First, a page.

The Nopal Cactus: Prickly, but secretly succulent and sweet!
Written by Robert Morris, co-founder of Slow Food Las Vegas and former Professor Emeritus from the University of Nevada
If you were to pair cactus with other foods you might want to consider pairing it with limes and paprika. This is a popular pairing in Mexico with the cactus food called nopalitos where Opuntia ficus-indica, the prickly pear or nopal cactus, is native. In the popular literature you might think that this cactus was native to Italy since this plant gets much more play there as a food than where it grows natively, the inland deserts of Central Mexico.
However, Mexicans have enjoyed this food in many prepared forms for centuries. In respect for its place of origin, I prefer to use the Mexican terms for the edible portions of the plant: tunas (fruit), nopales (immature whole cactus pads for eating) and nopalitos (cactus pads that have been prepared for eating or cooking).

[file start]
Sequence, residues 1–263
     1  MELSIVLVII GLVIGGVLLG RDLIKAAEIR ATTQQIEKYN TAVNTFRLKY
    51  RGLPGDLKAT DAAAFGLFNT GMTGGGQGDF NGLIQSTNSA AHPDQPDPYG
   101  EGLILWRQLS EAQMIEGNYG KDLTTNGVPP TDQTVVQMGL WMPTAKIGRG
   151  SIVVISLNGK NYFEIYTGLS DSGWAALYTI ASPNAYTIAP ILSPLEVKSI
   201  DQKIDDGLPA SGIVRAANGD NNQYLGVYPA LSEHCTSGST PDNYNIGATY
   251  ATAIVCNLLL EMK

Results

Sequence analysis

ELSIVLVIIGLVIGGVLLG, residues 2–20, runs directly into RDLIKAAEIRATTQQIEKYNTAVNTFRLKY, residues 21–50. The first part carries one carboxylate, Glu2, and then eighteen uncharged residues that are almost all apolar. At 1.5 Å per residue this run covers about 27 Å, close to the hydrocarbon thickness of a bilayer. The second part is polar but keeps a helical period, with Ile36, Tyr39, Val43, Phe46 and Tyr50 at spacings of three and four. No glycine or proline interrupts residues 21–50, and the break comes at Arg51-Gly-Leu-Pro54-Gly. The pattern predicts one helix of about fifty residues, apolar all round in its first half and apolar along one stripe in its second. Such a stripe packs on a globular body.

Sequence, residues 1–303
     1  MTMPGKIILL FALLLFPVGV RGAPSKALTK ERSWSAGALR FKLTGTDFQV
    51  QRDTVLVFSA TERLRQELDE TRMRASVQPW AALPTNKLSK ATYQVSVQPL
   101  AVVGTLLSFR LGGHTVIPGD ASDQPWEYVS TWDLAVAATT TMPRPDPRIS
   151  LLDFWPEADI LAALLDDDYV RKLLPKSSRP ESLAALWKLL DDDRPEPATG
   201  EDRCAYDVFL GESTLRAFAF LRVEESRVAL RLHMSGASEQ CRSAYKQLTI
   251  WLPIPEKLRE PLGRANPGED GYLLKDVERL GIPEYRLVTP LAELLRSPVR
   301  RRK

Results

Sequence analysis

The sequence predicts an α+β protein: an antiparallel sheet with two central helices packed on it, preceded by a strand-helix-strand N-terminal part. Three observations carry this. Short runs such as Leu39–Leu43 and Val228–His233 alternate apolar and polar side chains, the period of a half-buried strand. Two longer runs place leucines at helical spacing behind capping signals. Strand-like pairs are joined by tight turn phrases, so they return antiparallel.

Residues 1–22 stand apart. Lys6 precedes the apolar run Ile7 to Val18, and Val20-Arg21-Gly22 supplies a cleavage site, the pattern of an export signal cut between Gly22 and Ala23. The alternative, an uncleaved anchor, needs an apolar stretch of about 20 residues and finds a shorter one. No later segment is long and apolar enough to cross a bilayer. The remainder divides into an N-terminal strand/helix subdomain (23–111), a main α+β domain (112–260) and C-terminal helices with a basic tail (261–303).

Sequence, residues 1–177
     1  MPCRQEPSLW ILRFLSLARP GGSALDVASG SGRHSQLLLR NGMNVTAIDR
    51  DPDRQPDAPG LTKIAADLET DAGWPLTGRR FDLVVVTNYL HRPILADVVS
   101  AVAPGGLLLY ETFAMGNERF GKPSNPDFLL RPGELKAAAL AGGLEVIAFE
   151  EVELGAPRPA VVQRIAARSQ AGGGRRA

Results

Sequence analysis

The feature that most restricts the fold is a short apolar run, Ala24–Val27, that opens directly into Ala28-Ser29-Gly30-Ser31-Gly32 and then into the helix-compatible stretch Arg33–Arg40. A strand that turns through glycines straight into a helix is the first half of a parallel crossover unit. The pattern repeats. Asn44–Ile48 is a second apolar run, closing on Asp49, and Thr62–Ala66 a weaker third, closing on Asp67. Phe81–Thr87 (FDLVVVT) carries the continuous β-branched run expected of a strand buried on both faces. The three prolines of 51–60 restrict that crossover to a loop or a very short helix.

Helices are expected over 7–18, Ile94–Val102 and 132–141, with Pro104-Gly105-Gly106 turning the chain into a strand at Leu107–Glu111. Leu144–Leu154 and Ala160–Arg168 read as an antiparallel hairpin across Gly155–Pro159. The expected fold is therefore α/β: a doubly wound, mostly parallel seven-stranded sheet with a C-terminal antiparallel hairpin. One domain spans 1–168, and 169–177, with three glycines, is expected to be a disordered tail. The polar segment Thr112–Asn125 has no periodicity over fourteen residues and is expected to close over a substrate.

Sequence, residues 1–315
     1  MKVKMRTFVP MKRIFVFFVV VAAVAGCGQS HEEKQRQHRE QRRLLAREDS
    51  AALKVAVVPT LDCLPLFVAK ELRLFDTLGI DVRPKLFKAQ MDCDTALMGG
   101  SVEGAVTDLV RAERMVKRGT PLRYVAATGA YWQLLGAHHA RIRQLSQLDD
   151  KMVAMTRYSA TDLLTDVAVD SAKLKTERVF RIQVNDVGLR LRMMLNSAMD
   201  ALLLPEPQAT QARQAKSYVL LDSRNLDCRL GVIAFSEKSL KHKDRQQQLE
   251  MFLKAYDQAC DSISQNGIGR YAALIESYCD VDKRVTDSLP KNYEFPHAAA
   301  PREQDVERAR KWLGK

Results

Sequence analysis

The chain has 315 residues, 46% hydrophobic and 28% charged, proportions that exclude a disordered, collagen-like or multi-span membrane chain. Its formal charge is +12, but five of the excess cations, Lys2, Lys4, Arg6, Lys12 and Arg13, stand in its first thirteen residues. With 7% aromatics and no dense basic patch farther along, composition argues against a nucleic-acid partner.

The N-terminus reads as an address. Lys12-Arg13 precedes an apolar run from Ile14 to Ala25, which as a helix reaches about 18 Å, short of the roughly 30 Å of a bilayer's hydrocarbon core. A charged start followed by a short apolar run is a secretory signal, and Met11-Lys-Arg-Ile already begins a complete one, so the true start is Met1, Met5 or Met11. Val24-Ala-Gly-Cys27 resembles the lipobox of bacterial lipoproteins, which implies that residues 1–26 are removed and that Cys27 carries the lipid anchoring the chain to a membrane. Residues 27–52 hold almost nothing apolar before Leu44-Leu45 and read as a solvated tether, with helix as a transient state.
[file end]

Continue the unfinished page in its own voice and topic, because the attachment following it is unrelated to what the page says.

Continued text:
In 2003, I established nopal cactus plots at the University Orchard located at the Center for Urban Horticulture and Water Conservation in North Las Vegas, Nevada. Faculty and my good friends at the University of Sonora-Hermosillo, Mexico (USON) donated cactus pads from USON’s agricultural farm just outside of Hermosillo and taught us how to plant and manage their production.
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